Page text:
Researchers at the USC Mark and Mary Stevens Neuroimaging and Informatics Institute are one step closer to understanding how autism affects the human brain across the lifespan. One of the largest-ever brain morphometry studies of autism, led by the Enhancing Neuro Imaging Genetics through Meta-Analysis autism spectrum disorders working group (ENIGMA-ASD), was published in the American Journal of Psychiatry in April.
Paul M. Thompson, PhD, professor of ophthalmology, neurology, psychiatry and the behavioral sciences, radiology and engineering at the Keck School of Medicine of USC, director of the Imaging Genetics Center and principal investigator of ENIGMA, and Neda Jahanshad, PhD, assistant professor of neurology at the Keck School, contributed to the study.
“Autism is hard to treat because we lack a deep understanding of how children with autism develop differently, and how best to nurture their brain development,” said Thompson, who is associate director of the institute. “With our global alliance — now studying thousands of children across the world — we are starting to see distinctive brain features in children with autism, and learn how the brain adapts throughout life; we are beginning to have the power to rigorously test and verify factors that may be beneficial for different children.”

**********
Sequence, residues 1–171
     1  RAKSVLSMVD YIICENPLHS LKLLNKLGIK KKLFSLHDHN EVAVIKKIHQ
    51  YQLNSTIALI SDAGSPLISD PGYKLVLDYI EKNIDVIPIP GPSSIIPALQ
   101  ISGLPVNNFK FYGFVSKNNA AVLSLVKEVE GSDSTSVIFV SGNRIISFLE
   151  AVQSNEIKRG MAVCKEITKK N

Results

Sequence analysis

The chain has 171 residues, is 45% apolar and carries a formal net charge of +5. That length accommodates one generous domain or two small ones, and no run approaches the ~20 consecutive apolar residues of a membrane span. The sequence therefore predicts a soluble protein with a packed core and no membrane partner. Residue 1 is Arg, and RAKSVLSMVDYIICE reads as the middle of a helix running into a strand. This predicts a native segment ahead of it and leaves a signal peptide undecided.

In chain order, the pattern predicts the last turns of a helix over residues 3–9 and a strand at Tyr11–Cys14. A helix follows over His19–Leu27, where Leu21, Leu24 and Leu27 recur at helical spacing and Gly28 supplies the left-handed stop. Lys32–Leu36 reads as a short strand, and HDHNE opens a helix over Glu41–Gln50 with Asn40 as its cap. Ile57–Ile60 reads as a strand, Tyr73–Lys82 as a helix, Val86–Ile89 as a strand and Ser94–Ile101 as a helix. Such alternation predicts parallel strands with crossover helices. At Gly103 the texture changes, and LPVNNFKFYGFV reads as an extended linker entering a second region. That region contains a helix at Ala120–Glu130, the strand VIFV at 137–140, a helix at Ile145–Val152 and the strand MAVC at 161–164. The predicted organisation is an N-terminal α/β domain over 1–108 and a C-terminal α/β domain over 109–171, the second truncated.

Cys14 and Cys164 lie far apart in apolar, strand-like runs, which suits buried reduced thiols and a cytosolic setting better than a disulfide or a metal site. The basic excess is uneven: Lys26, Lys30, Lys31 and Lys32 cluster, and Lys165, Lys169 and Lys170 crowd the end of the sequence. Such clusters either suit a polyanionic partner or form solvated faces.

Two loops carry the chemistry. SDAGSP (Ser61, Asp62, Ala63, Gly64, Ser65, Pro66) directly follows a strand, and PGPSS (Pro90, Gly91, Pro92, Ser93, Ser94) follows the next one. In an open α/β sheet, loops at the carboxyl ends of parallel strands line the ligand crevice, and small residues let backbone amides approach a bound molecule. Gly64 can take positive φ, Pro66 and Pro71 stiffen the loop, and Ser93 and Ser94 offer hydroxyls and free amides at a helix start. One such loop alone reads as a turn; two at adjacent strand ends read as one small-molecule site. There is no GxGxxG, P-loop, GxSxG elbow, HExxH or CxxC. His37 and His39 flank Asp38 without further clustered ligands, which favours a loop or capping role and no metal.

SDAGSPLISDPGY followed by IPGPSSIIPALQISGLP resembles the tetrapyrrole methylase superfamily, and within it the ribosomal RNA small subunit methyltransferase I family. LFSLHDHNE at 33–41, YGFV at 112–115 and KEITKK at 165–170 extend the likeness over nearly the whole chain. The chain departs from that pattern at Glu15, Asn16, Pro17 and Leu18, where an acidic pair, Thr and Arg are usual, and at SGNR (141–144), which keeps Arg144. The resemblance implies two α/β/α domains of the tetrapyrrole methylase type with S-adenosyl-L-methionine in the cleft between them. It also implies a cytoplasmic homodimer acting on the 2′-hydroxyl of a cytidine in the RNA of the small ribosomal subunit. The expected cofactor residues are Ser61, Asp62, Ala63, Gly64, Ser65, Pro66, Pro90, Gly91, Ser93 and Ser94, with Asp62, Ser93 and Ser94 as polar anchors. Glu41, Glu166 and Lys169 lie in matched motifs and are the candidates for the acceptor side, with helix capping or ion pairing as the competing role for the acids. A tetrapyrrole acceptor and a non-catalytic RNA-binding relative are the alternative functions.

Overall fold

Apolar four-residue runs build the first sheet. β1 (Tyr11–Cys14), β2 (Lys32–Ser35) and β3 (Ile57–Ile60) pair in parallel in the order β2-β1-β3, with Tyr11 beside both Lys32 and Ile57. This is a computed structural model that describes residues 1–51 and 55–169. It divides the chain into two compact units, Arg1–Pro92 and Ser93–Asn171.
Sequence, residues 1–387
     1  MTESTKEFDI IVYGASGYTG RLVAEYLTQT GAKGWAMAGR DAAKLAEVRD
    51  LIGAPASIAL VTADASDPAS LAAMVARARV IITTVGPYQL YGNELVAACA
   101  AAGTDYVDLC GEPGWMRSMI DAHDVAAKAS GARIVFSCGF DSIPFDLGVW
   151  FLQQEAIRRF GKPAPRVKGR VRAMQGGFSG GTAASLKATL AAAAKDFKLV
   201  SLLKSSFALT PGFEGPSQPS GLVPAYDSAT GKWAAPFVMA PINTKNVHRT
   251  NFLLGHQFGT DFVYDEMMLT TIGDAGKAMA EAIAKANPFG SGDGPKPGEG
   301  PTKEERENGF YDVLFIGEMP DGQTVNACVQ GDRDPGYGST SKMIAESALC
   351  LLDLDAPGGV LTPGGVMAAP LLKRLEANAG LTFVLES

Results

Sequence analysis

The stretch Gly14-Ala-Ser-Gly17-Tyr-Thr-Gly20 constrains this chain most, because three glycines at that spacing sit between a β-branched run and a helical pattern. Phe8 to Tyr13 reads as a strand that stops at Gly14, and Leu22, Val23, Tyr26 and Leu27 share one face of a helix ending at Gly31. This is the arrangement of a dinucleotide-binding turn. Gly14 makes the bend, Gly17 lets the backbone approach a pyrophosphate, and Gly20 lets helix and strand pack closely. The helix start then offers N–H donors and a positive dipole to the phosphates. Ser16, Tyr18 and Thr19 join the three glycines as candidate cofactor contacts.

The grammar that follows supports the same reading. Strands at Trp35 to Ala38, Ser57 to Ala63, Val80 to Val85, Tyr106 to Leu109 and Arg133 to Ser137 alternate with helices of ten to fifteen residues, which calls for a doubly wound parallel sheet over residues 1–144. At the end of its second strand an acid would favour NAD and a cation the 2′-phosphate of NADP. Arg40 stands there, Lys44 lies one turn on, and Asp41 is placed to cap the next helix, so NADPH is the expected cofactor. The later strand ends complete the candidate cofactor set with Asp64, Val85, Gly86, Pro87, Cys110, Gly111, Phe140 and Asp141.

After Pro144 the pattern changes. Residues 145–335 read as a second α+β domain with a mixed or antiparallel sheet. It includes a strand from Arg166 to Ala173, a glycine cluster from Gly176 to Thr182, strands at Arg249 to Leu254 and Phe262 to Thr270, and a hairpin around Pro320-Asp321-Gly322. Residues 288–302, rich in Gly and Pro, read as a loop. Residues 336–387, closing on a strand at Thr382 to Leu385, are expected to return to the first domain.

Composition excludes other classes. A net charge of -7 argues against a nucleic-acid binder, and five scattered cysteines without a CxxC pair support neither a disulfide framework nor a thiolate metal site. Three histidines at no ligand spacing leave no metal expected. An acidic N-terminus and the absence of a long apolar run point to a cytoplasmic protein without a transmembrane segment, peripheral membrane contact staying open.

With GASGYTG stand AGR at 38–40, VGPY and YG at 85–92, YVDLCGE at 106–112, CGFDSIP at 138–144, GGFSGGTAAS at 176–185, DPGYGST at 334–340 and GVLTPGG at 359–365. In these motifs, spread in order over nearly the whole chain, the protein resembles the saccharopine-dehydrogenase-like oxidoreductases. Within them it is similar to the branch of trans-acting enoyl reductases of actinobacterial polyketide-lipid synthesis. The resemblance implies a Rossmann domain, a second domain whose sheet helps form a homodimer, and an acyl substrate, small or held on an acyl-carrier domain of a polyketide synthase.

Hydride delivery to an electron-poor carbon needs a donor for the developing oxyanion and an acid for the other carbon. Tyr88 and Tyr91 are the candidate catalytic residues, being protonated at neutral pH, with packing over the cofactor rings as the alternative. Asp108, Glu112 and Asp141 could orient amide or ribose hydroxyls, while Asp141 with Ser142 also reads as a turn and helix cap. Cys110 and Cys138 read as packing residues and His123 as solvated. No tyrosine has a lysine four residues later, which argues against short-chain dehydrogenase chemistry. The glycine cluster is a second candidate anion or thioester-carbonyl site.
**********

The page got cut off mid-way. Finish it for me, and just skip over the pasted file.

The study analyzed MRI scans to identify differences in cortical and subcortical structures between 1,571 patients with ASD and 1,651 healthy controls. Participants from 49 different imaging centers, ages 2 to 64, were included in the analysis. Researchers examined differences in subcortical volumes, cortical thickness and surface area.
ASD subjects had smaller volumes in several brain structures, including the pallidum, putamen, amygdala and nucleus accumbens; they also had decreased cortical thickness in the temporal cortex and increased thickness in the frontal cortex. Cortical development appeared to be most impacted during adolescence, when large differences in thickness were observed. The analysis has led to the first definitive maps of the affected brain regions.
The ENIGMA consortium performs some of the largest neuroimaging studies of rare genetic diseases and psychiatric disorders such as schizophrenia and bipolar disorder, focusing on the interaction between brain health and genetics. The group currently investigates 22 diseases, with researchers in 37 countries analyzing data from more than 53,000 subjects.
— Zara Abrams